Third Man on the Mountain – Disney 1959

This is described as the best film about mountaineering ever made.    That is quite a boast but anyone seeing this movie might well agree with that comment.

 

 

 

 

 

 

 

Ken Annakin directed what was his third film for Walt Disney – and what a good one it was.

 For anyone who’s ever or who’s NEVER climbed a mountain (like me)this movie is a real treat.
James MacArthur  plays Rudy Matt, the son of the famous mountain climber Joseph Matt who tragically lost his life while climbing the famed Citadel mountain. Rudy’s father sacrificed his own life to save the climber that he was responsible for as his guide.

Janet Munro could melt any mans heart. She is sweet, full of fun and very beautiful. What a shame for her to die so young.   In this film she was a ball of energy.  It’s easy to realize why Walt Disney saw so much in her.

Michael Rennie was cast as the famous climber captain Winter who helps Rudy with his support when his uncle, played by James Donald, does not want him to be a guide and meet with the same fate as his father.

Laurence Naismith as always gives a great performance as Teo; the older friend and climber of Rudy’s father who was there when he died. Teo’s bark is worse than his bite and his warmth and love for both Lizbeth and Rudy is seen in many ways.

Herbert Lom also had a leading part in the film but on location he proved a bit of a pain because as Ken Annakin says, he would not do any dangerous shots on the mountain without scaffolding and he did not like the heights at all with the effect that  filming was held up  a number of times while safety elements were put in place.  However despite these difficulties with him,  the film was completed.    Herbert Lom turned to Ken and said  that although he would not risk himself  that he was after all  an actor and he assured Ken that what he would get on the screen would be OK.   On seeing the completed film, Ken Annakin had to admit that the most convincing actor climing the Matterhorn was – you guessed it – Herbert Lom !!!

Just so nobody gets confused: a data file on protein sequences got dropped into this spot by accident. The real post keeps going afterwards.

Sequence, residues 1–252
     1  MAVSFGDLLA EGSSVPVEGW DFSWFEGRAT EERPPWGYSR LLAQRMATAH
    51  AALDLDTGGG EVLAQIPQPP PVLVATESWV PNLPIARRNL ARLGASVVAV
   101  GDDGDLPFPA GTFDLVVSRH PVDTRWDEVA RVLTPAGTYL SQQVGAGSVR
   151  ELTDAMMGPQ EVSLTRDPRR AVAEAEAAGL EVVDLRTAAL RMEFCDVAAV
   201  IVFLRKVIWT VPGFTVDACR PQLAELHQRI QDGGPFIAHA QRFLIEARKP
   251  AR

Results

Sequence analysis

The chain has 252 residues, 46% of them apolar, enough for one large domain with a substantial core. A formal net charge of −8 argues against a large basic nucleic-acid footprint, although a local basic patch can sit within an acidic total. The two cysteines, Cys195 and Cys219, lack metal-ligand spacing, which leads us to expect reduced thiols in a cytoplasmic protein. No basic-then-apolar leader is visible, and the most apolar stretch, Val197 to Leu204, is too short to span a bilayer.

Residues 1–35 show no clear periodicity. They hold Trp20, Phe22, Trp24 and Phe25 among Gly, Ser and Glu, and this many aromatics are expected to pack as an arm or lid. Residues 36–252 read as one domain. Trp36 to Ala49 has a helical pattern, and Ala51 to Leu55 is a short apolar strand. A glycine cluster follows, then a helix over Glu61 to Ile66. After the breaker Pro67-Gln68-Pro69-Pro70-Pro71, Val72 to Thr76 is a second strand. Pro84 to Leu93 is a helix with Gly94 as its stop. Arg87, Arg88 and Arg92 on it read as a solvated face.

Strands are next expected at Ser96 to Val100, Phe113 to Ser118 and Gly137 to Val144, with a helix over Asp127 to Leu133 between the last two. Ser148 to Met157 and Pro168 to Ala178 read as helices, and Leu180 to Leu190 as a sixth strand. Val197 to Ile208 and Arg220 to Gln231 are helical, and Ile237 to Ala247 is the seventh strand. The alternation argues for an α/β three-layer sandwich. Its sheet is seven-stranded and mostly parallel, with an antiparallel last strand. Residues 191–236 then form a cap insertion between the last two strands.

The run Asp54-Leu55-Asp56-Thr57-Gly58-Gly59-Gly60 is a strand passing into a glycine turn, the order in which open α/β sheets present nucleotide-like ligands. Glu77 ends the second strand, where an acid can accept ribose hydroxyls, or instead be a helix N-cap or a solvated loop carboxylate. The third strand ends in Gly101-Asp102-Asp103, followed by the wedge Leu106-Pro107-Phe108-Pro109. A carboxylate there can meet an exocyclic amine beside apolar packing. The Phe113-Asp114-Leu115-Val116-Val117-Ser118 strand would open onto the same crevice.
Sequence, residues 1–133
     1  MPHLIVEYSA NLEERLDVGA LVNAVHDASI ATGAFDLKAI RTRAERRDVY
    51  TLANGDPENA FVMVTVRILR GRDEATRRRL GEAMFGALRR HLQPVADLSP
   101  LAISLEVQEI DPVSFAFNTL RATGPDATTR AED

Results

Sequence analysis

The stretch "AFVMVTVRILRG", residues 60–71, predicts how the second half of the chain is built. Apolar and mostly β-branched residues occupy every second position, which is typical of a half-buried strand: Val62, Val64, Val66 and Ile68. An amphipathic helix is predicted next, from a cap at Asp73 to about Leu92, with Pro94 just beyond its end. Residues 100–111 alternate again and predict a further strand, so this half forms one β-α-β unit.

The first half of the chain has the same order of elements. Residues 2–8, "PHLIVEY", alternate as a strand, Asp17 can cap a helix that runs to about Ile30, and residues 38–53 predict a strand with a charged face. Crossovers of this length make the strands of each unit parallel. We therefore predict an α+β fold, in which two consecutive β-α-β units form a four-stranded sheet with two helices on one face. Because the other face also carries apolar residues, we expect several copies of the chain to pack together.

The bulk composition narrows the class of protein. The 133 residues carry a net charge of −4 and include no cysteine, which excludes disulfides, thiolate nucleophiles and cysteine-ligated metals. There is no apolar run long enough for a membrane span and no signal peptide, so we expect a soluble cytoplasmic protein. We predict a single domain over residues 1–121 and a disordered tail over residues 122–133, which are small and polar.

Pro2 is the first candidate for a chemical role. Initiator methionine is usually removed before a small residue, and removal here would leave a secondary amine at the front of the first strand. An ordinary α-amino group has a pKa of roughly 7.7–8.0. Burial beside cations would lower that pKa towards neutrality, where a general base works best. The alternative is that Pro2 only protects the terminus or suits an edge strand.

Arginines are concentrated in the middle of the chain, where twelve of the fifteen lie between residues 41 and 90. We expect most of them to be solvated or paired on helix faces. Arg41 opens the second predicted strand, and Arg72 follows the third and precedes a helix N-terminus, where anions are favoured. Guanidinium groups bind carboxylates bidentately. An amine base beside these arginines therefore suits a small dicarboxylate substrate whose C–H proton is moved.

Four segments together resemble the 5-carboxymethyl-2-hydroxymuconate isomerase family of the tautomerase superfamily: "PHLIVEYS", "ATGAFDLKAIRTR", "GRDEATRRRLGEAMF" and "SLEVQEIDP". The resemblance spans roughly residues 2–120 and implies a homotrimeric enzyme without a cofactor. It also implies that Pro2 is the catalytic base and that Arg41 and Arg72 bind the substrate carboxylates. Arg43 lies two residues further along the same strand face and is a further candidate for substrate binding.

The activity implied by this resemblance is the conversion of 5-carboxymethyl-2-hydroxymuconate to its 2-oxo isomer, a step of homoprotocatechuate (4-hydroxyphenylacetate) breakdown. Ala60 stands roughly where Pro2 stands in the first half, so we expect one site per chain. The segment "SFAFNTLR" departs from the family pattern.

HERBERT LOM

Herbert Lom was born Herbert Karel Angelo Kuchacevič ze Schluderpacheru in Prague to upper-class parents Karl ze Schluderpacheru and his spouse Olga née Gottlieb who were members of Austrian nobility

Lom escaped to England  in January 1939 because of the impending Nazi occupation of the Czechoslovaki.   He made numerous appearances in British films throughout the 1940s, usually in villainous roles, although he later appeared in comedies as well.

In the Fifties he made a number of films including this one and the same year he was in North West Frontier – another one I like – set in India.

 Many of us will remember him as Dr.Roger Korda in the British television drama, The Human Jungle  (1963–64) as a Harley Street psychiatrist and this was very good and is frequently talked about even today.

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Back to First Man on the Mountain -

The acting is amazing, the cinematography is breathtaking.    The filming was on location in Zermatt Switzerland where the 14,000 foot Matterhorn stands.

PETER ELLENSHAW

However one thing must be said about the terrifying shots achieved on screen because much of the really scary stuff was actually painted in later by Matte Genius of the World – Peter Ellenshaw who had worked for Disney on Robin Hood, Sword and the Rose, Rob Roy, 20,000 Leagues etc etc and many of the breathtaking scenes in any of these films were the work of Peter –  BUT so good was he with this special craft that most of the audience wouldn’t know that for instance – when you see a castle on a hill with the action below – the castle itself was matte painted onto glass in front of the camera and fitted exactly to the picture on screen. This was done to great effect on this film. Walt Disney wrapped up filming in Switzerland and turned to Ken Annakin and said ‘ Peter will be able to paint in the scary down shots far better than we can get’ and as Ken says ‘ Walt was right to such an extent that some of the audience at a preview of the film left the cinema with vertigo after seeing the sheer cliff faces and the drops below -  although none of them were aware that a master craftsman had in fact painted them in.

So just remember that when anyone says that ‘it was filmed in Switzerland on location with great effects’ that you are being visually tricked – and you would never know.

It still remains one of the most beautiful climbing films of all time thanks in a great part to Peter Ellenshaw. His work in Mary Poppins and Darby O Gill are outstanding – in fact Darby O Gill and the Little People is rated by many film experts as being one of the outstanding special effects films of all time. I have done a post on it earlier

If you are a fan of Walt Disney, this is a must see film.
This is the way movies should be made. It’s sad Hollywood does not do it like this anymore.

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